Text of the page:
Paul Steenkamp, co-founder of the Creative Leadership Collective and co-author of the study, says the current trend towards prioritising innovation comes at a critical time in Africa’s history. He adds that to solve the continent’s problems, we can’t afford – from an innovation perspective – to do the wrong things, even if they’re done well. ‘We need to think and act differently, and leaders need to create a more empowering culture within their organisation. Encouragingly, South African public and private sector organisations have taken note: management commitment and support for innovation is perceived to be on the up.’
It’s useful to unpack the report’s findings on South Africa. The authors include five stages of innovation maturity, ranging from 1 (ad hoc innovation with no formal focus or follow-through) to 5 (optimised innovation that is scalable and driven by empowered employees). The research found that none of the participating South African organisations were at Stage 5, and just 8% were Stage 4.
‘Nearly 80% of South African firms are either at the “emerging” or “defined” stages of innovation, where there is some awareness and effort, or some degree of formalised strategic programmes linked to customer or business objectives,’ says Steenkamp.
‘This is consistent with global trends: in the 2018 Benchmarking Innovation Impact report, nearly 60% of global respondents placed themselves in the first two categories. Only 4.1% believed they had reached the highest stage of innovation maturity.’ Significantly, he adds, ‘an organisation’s capacity to manage innovation tends to improve over time, but only when there is clear leadership to manage specific issues limiting innovation at the various stages of maturity’.
And so it comes back, inevitably, to leadership. But as the Creative Leadership Collective /USB report makes clear – and as the truly great leaders, from Gates and Cook to Ma, Nadella and so many more, demonstrate – leadership requires more than just using the company expense account to buy the latest iPhone.
Business leaders in the digital age have to manage innovation, encourage ‘intrapreneurship’ throughout their organisations, and – crucially – they have to take the risks necessary to allow for unconstrained innovation.
The Creative Leadership Collective/USB report says it best, when listing the call-outs from its findings. ‘We just don’t believe you,’ the authors tell their audience of business leaders. ‘South African execs like to talk about the value of failing fast, provided lessons are learnt and learning shared. But in a recession and with the threat of retrenchments, people don’t believe that failure is really an option. This disconnect is bad for your business. You must walk the talk. Show that you’re failing fast before asking others to do the same.’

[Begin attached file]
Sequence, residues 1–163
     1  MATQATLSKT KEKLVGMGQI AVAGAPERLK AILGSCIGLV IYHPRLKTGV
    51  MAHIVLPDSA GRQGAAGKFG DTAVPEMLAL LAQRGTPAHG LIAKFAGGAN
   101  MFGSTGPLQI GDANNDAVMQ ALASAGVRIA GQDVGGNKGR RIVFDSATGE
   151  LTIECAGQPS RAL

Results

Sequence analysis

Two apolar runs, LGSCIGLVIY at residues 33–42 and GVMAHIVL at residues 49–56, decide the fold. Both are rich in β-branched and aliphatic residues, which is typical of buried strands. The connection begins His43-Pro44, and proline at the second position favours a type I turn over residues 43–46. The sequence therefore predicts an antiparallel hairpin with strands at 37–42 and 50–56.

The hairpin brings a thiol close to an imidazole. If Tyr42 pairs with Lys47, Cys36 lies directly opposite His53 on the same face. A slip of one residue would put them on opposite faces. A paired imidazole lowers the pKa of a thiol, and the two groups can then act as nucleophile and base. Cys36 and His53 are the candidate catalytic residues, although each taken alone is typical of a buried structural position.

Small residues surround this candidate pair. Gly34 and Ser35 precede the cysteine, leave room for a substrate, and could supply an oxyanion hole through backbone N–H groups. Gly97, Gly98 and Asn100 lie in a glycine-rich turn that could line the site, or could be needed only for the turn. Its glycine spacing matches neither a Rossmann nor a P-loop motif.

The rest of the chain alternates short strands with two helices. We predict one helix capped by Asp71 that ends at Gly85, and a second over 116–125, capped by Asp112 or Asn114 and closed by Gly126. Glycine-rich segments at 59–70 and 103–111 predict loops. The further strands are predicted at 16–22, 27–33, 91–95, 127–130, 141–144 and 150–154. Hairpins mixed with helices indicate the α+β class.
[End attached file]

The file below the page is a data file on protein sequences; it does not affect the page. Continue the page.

To that one might add, on behalf of harried employees across the continent, that tech-driven AI and automation is as much a threat to those execs as it is to the hives of stressed-out corporate worker bees.
Sharmla Chetty, president of global markets at Duke Corporate Education, underlined this point at the 2019 Davos of Human Capital conference, held in Johannesburg this past July. ‘Building relationships, empathy and bringing humanity into the workplace is the future of work,’ she said. ‘Organisations can’t protect jobs that are made redundant by technology, but we do have a responsibility to our people. Leaders have a responsibility to nurture agility, adaptability and focus on protecting people, rather than jobs, through reskilling.’
The one-day event brought together more than 500 senior leaders and HR professionals from across Africa, with the aim of defining the future for business in an era of digital disruption. One of the delegates was Sophia, the humanoid AI created by Hanson Robotics. Sophia’s presence – and her appearance (she can display more than 50 facial expressions) – emphasised just how rapidly technology is developing.
‘Technology-driven change is compelling us to become more flexible and open to new concepts and ways of working,’ said Chetty. ‘We need to adapt to a new work reality in which careers become less linear and far more fluid. Change is accelerated and continuous – which is why leadership will have a critical role to play in providing effective support and development opportunities for employees.
‘Almost every day we see new roles, skills and jobs emerging, and while technology can amplify human genius, it can also highlight human limitations. Technology can do a lot of things but it can’t replace the human touch. Ultimately, it’s up to us to ensure that technology reflects our humanity, our purpose, and our values.’
Humanity, purpose, values… All are aspects of corporate culture, and all are – or should be – shaped by corporate leaders. And they are needed now, more than ever.